January 06, 2006 |
|US Treasuries failed to hold on to early gains on Thursday as investors looked ahead to Friday’s payrolls numbers.|
After market gyrations earlier this week following the minutes of the Federal Reserve’s last meeting, Thursday’s moves were muted as investors waited for Friday’s data, which are regularly the biggest single market mover of any month.
Expectations were for about 200,000 jobs to have been created in December, but yesterday, new weekly jobless benefit claims fell to a five-year low, triggering talk that Friday’s number could be higher than forecast.
Bonds had risen in earlier trade as the damping effect of a strong service sector report was initially offset by investors’ current sensitivity to the housing market and a decline in pending home sales.
But by late trade in New York, yields on two-year notes were up 1.7 basis points at 4.321 per cent, while 10-year yields were up 0.6bp at 4.354 per cent.
The effect was a slight flattening of the yield curve to less than 4bp between the two. The two began a rare inversion over the holidays, but the move was unwound earlier this week as investors cut back trades designed to profit from the flattening.
Data pointing to economic strength led European and UK government bonds lower and pushed yields higher.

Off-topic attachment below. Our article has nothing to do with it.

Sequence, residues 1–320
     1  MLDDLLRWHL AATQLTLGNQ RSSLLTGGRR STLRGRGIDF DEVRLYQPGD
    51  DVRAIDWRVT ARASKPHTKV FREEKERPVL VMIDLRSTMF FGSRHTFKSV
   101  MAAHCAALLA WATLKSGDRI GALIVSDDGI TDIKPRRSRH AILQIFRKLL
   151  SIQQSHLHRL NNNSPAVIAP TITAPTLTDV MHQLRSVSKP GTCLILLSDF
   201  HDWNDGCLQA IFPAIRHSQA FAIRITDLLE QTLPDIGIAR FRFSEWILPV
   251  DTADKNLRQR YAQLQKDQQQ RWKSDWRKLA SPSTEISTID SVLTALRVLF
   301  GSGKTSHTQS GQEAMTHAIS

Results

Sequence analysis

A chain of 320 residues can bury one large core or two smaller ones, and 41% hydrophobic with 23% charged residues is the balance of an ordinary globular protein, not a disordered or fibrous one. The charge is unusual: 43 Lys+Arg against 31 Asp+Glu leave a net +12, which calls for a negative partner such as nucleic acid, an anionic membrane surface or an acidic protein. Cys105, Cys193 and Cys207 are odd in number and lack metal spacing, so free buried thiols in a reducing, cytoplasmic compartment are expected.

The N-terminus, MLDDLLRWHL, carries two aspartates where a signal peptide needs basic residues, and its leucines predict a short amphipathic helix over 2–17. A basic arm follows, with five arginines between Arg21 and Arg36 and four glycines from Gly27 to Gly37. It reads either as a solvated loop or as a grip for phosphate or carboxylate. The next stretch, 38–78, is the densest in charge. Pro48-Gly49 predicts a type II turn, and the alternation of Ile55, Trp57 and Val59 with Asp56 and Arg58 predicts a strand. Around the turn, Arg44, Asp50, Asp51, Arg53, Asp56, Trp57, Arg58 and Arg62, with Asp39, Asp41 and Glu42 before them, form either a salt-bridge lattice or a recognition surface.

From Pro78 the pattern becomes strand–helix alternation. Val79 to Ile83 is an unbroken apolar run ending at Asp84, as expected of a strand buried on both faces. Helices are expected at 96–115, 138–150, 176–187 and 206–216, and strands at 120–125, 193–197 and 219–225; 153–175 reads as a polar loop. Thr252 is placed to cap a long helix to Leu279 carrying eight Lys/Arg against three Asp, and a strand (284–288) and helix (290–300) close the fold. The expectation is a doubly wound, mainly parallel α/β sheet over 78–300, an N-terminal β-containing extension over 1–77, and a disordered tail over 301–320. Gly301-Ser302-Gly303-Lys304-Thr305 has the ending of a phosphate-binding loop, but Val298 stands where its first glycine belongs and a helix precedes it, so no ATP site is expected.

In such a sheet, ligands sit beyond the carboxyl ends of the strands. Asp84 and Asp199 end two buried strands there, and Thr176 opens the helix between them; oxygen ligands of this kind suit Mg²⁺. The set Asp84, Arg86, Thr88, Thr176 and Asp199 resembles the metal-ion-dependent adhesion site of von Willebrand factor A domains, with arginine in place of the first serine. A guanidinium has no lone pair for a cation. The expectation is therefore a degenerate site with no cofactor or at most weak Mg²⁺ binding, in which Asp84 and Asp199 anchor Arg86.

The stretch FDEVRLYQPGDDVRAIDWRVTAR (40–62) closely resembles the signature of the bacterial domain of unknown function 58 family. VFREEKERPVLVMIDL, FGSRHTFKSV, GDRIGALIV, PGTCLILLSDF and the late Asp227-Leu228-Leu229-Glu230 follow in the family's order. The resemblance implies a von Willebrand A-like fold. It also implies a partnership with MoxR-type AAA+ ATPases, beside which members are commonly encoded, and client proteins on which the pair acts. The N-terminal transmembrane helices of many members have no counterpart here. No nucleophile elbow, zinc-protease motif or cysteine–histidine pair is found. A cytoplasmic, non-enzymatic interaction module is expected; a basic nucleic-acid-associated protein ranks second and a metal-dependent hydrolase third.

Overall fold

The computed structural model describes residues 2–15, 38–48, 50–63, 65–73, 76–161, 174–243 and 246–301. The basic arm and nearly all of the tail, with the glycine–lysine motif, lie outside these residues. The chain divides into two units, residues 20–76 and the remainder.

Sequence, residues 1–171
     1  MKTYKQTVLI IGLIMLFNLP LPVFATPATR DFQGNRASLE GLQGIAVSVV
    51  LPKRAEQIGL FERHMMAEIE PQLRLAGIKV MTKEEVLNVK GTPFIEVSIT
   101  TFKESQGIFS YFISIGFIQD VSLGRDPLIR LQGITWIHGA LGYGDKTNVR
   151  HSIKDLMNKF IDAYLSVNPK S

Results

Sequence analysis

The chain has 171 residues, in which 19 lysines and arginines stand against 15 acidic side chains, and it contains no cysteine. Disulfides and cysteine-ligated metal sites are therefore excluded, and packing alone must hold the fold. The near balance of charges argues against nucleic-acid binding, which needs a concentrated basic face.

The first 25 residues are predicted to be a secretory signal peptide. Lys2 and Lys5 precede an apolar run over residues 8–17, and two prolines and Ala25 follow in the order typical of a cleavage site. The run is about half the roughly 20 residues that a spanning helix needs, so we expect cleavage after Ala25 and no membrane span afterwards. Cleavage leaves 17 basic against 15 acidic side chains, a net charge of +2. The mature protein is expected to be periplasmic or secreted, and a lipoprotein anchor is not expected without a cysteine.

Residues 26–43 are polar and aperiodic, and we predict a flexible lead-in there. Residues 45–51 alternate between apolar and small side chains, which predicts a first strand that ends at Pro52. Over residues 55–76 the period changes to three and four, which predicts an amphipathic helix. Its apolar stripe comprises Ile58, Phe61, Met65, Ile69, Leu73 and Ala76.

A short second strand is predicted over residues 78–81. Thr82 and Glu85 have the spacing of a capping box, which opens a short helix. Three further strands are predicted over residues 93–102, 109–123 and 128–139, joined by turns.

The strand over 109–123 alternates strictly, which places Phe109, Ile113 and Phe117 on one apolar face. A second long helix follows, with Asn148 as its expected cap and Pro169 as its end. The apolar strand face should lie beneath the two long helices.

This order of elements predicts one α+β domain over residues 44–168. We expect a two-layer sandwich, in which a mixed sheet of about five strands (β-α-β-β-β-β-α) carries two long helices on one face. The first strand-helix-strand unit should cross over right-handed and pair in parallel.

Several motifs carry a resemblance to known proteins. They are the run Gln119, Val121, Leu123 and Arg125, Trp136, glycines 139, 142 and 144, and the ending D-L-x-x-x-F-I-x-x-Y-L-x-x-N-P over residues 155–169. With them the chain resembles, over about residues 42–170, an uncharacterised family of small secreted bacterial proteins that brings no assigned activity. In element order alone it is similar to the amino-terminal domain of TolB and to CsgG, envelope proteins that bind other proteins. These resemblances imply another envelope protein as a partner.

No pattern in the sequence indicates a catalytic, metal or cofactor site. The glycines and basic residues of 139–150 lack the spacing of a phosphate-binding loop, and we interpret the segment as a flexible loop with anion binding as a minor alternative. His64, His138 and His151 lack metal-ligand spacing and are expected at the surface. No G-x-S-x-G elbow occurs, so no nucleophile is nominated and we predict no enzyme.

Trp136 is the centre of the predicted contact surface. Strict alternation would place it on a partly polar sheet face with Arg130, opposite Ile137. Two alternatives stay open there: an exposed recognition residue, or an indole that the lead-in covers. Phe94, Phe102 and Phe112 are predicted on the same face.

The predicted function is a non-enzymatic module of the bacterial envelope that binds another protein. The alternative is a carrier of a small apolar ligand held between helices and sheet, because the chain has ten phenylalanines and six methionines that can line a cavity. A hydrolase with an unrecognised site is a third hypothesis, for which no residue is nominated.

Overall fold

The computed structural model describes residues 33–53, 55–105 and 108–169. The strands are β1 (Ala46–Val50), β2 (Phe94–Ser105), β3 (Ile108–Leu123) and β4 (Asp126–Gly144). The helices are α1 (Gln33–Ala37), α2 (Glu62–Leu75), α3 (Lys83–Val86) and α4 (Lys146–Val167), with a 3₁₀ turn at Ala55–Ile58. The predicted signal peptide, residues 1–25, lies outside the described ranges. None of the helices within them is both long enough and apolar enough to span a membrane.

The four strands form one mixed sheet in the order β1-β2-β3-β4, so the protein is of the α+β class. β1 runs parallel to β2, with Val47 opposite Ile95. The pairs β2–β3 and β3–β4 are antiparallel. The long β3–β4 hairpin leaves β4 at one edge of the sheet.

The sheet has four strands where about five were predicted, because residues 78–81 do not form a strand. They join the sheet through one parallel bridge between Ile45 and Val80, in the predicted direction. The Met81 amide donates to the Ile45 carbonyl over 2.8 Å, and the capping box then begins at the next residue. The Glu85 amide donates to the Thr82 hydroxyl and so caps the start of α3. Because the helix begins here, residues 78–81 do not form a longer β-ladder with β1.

UK investors reconsidered expectations of an impending interest rate cut after the Chartered Institute of Purchasing and Supply’s service sector index yesterday showed greater strength than expected in December.
In late trade, the two-year gilt was 2.2bp higher at 4.167 per cent while the benchmark 10-year gilt had recovered earlier price falls to be flat at 4.047 per cent.
In Europe, a similarly strong purchasing managers’ index report added to evidence in favour of further rate rises in the eurozone. However, yields slipped back from earlier peaks later in the afternoon.
Two-year European government bonds were 0.5bp higher at 2.743 per cent, while 10-year bunds were 0.3bp higher at 3.266 per cent.
Japanese government bond yields fell to a three-month low as prices rose for a second straight day following gains in the US Treasury market.
The yield on the 10-year JGB briefly fell to 1.42 per cent. Late in the day, the yield was down 1.5 basis point to 1.425 per cent.
Thursday marked the first full day of trade this year.